The piano trio Pangaea Chamber Players explores the fickle nexus between music and visual art in their Navona release THREE PERSPECTIVES. While the ensemble’s flute-cello-piano setup might evoke ideas of Baroque music, there are no such reminiscences to be found. Instead, the young trio presents three new compositions by contemporary composers Ned Rorem, Dan Locklair, and Jennifer Higdon. Although recent works, all pieces on THREE PERSPECTIVES are tonal – perhaps owing to their descriptive, illustrative purpose. The album’s title, after all, hints at the connections between musical and visual artistic expressions: music inspired by art, music inspired by artists, and art inspired by music.
Today, Virginia is our featured artist in “The Inside Story,” a blog series exploring the inner workings and personalities of our composers and performers. Read on to discover how she was able to bounce back from a Master’s recital with an unforeseen twist…
When did you realize that you wanted to be an artist?
I don’t think there was a specific moment – it was a love that grew on me over time. Naturally, there were times where I questioned the path I was on, but with each passing year in school, music became something I knew I could not live without. So, I kept going, and now here I am!
What was your most unusual performance, or the most embarrassing thing that happened to you during a performance?
There have been many, many unusual performances along the way! Especially in some of the preschool education concerts I performed while I was a member of the Fort Wayne Philharmonic. But the one that sticks out is having the fire alarm go off about three minutes into my second Master’s recital at the University of Cincinnati College-Conservatory of Music (CCM). I had to stop playing, and we all had to exit the building. So, I was hanging out in a parking garage chatting with people who were in the audience. Once we got the “all clear,” we got back to it. Restarting the recital was a bit of a test for getting my focus back.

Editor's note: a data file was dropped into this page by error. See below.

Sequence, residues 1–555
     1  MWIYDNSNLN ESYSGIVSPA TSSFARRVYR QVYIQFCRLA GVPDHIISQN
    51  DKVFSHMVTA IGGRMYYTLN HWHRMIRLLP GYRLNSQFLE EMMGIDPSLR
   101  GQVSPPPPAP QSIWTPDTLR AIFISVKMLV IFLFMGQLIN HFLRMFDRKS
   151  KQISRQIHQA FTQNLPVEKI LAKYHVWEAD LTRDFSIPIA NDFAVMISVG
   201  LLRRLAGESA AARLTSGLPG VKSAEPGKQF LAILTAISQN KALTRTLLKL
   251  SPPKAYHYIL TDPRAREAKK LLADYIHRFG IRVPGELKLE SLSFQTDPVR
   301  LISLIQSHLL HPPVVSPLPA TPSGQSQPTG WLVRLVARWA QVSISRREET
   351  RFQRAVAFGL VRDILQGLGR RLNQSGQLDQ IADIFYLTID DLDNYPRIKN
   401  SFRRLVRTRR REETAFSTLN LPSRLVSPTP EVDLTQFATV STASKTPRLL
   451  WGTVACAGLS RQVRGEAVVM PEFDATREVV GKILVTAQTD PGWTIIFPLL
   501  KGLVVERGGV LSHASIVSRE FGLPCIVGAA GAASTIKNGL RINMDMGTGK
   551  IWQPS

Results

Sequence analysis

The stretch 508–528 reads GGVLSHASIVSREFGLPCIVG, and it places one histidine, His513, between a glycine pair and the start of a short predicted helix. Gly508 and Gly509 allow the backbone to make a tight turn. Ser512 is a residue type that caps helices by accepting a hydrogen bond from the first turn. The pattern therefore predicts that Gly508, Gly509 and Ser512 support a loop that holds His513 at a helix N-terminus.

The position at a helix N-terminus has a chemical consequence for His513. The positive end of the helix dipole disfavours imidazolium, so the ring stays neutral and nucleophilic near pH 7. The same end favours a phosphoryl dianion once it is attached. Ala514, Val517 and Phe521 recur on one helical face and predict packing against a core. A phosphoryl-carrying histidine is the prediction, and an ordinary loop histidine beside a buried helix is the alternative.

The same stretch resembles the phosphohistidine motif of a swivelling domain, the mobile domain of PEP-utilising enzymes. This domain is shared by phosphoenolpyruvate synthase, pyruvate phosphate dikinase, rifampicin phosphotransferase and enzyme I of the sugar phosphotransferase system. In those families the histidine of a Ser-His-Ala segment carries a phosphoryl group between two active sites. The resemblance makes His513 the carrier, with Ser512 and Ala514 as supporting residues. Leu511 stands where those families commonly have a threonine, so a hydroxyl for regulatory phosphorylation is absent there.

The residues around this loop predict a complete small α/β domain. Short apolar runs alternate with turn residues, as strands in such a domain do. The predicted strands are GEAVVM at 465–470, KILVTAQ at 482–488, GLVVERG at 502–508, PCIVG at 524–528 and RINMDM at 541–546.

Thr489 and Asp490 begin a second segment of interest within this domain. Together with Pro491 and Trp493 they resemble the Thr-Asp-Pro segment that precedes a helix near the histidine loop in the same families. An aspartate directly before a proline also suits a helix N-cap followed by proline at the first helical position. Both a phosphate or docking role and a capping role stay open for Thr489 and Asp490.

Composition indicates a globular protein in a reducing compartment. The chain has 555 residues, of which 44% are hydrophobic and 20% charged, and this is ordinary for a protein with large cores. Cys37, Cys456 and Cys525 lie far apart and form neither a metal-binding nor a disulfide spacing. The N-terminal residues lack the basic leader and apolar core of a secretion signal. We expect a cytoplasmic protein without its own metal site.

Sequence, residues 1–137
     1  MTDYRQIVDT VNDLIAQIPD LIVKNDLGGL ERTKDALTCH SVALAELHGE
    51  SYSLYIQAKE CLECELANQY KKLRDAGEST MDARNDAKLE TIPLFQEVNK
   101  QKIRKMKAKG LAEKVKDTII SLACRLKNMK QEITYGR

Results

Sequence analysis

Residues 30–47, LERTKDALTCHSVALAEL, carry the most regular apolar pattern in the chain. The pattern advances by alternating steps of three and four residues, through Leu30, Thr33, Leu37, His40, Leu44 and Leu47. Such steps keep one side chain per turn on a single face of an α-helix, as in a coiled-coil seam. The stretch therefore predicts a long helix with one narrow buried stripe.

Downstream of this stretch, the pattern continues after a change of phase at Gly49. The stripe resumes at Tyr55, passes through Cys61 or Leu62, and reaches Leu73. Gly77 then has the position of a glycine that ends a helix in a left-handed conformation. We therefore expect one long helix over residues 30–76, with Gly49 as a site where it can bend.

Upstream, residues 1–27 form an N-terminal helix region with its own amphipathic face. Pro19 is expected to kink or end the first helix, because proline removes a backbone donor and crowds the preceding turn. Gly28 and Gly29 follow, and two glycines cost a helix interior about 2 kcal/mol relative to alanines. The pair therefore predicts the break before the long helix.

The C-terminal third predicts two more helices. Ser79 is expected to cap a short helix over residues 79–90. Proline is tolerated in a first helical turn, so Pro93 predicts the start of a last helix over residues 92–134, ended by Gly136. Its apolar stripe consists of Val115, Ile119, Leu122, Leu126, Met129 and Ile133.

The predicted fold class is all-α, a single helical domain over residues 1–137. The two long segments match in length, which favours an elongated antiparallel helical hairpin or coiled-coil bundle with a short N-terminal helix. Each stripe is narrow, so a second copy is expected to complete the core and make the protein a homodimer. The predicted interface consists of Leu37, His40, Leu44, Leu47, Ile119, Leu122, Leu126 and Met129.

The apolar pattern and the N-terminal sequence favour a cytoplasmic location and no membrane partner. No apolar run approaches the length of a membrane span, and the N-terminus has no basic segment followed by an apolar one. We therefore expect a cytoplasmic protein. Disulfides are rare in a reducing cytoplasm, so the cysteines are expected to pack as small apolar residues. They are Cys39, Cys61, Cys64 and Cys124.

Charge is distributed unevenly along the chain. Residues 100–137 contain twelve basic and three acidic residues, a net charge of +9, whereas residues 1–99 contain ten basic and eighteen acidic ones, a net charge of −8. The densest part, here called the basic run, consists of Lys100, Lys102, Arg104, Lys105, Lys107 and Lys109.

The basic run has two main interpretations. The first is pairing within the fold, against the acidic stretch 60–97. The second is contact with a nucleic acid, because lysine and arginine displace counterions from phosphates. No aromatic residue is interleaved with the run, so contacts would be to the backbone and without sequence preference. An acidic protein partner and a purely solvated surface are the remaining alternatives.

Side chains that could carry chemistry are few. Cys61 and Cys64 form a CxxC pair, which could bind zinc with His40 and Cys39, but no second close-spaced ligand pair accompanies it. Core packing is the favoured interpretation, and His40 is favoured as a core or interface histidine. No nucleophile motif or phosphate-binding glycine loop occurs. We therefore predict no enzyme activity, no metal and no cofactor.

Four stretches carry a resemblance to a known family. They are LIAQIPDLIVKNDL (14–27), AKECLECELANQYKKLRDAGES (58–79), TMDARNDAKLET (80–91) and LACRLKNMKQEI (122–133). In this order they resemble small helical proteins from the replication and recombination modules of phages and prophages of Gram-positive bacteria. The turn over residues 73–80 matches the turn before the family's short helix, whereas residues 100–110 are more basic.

What is your guilty pleasure?
Ice cream. And coffee. And especially coffee ice cream. I worked at an ice cream shop in high school, so I can be pretty picky about ice cream…
If you could make a living at any job in the world, what would that job be?
There are a lot of professions out there that intrigue me: business, engineering, sustainability, physical therapy, etc. But I also genuinely enjoy what I do! I get to teach music, explore creative performing projects, play a wide range of music, and have the flexibility to spend some quality time with my kids over the summer and go to their soccer games. It’s a fantastic combination of many, many good things!
If you could spend creative time anywhere in the world, where would it be and why?
I’ve always wanted to go to Greece, so I’ll say Greece. But I find that I can gain some creative energy being anywhere that is reasonably secluded and full of natural beauty (beach, mountains, etc.). It is easier for me to get back to the “why” of what I do in quiet spaces and I enjoy spending time in the natural world to reflect on experiences that will help bring pieces to life.
If you could instantly have expertise performing one instrument, what instrument would that be?
This is an interesting question! I’d have to say the cello. I started playing cello in fourth grade, but it only lasted about six months. It’s a beautiful instrument, so if I could go back to my fourth-grade self and have some skills, I would.